Power: Unlike the Raspberry Pi , the ODROID-N2 is supplied by 12V instead of 5V and has onboard voltage regulators to provide the 5V needed for the USB and other components. I did not find the maximum power it can handle, but I found no problem powering the 4 tuners and the VFD display module. On the 40-pin header, you have 5 pins for 5V output and also pins for 3.3V, if needed.
Power and Status LED: For the 12V and 5V power, I've used 2 LEDs, one was a UV LED, the other one a regular green. Note, that you will have to limit the current, otherwise you will damage the LED and/or the power supply. I've used 1.2K resistors in series, but based on what kind of illumination level you prefer, you might use a smaller one, but always calculate that the maximum current shall never exceed 20mA.
VFD: I've re-used the same VFD display similar to the one used in my previous article. It had an i2c backpack, which is enclosed in the white box that is visible in one of the pictures. You can connect it to the i2c port of the ODROID-N2, in the same was as it was connected to the C2 or the Raspberry Pi: 5V (pin 2 or 4), GND (pin 6), SDA (pin 3) and SCL (pin 5). See the GPIO header layout on Hardkernel's official Web page at https://www.hardkernel.com/blog-2/ODROID-n2/.
For the VFD and the 2 status LEDs, I had to cut the front panel. The enclosure I chose allowed it to have 2 front panels. I used the original plastic one to hold all of the components, and in front of it I used a glass, which I cut to the same size as the plastic one at the local shops that do such things.
Step 2: Software Setup
This part is a bit different than it was previously described in the article linked at the beginning of this article. For the Raspberry Pi we used the OSMC image that featured a full linux OS which allowed us to also install a build environment. Unfortunately, at the time of publication, there isn’t an image for the ODROID-C2 , nor the new ODROID-N2. Currently, the best support is done by the CoreELEC team, which is actually a fork from LibreELEC. This image has only a read-only system and Kodi is installed onto a separate partition, called /storage. This system is more immune to power loss and is harder to break, but also has some limitations: one must stick to the precompiled software which is provided via official or unofficial repositories. Regardless, one can find up-to-date versions of the software packages that we need: tvheadend, oscam, lcdproc and various addons for movies, live TV, and radio. First things first, however, before installing anything, an image must be burned to the SD card (or EMMC) and placed in its respective slot. The test image for the ODROID-N2 can be downloaded from https://discourse.coreelec.org/t/odroid-n2-test-builds/4560. Don't worry, that it's a test image! It works wonderfully, and even if there are some minor issues, it is very suitable for daily usage. Burn the image with Balena’s Etcher (https://www.balena.io/etcher/). If you did everything correctly, after placing the card into the slot, it should boot up nicely. To install the software services (tvheadend, oscam, lcdproc) use the CoreElec repository, Programs and Services folder. To configure the rest of the system, please refer to the previous article where I've covered every aspect in greater detail.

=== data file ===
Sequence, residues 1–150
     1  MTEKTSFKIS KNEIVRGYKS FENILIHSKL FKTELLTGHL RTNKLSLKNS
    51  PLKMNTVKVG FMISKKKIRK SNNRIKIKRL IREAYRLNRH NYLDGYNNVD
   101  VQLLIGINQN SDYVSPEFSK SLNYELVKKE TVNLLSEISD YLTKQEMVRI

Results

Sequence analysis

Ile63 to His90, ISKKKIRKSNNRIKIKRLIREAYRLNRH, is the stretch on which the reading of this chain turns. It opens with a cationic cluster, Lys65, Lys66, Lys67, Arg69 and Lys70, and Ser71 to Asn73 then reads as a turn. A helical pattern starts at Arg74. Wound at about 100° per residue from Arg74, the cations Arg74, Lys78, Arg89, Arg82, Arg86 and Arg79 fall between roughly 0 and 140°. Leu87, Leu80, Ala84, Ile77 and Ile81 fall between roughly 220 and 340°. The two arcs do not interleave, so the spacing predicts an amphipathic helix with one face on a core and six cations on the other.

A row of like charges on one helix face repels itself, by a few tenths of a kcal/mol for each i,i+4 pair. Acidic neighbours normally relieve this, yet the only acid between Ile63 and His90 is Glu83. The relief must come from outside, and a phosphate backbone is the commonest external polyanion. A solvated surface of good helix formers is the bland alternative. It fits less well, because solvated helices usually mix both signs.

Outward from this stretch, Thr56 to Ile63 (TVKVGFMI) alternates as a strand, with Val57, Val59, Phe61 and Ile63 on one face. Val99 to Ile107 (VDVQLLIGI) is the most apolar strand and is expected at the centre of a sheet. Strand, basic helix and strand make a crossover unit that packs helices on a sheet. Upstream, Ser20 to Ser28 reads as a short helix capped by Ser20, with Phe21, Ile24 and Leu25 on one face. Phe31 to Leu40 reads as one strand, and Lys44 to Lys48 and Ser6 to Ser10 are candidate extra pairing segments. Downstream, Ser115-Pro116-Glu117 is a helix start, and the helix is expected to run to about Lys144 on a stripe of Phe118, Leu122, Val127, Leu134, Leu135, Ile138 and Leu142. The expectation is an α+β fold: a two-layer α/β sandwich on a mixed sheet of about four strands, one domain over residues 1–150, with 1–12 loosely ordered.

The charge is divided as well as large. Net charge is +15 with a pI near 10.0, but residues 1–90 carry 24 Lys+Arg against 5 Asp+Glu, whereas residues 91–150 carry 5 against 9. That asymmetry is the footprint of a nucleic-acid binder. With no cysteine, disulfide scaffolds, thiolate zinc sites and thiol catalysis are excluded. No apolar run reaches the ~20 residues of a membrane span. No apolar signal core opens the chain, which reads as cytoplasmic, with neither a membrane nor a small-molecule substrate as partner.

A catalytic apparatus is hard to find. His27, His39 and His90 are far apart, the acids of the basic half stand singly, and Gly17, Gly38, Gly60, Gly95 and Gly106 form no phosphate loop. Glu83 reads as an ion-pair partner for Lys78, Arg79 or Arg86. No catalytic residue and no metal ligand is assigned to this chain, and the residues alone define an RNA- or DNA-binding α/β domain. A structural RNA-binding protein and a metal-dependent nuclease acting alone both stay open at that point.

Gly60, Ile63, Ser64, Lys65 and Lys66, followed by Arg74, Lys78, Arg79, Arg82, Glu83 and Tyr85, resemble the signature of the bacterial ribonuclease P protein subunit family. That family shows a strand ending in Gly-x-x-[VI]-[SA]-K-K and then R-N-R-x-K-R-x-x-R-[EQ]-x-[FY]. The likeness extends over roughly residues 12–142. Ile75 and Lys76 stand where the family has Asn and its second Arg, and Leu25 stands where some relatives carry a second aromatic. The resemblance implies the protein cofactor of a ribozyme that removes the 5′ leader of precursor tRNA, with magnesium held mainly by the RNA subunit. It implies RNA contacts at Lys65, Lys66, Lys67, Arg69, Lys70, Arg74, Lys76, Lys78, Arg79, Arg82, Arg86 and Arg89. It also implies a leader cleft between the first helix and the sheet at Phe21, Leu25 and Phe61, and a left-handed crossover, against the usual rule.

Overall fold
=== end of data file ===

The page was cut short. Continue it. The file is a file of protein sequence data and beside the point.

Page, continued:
Step 3: Conclusion
The ODROID-N2 is the best board that is available to buy at this point. If speed is an important factor to you, then the ODROID-N2 is the best choice without any doubt.
Also, CoreELEC did a great job in supporting this board right from the beginning and I can only thank the people involved with it. This article has been adapted from the Instructable at https://www.instructables.com/id/Folow-UP-Advanced-Media-Center-With-ODROID-N2-and-/.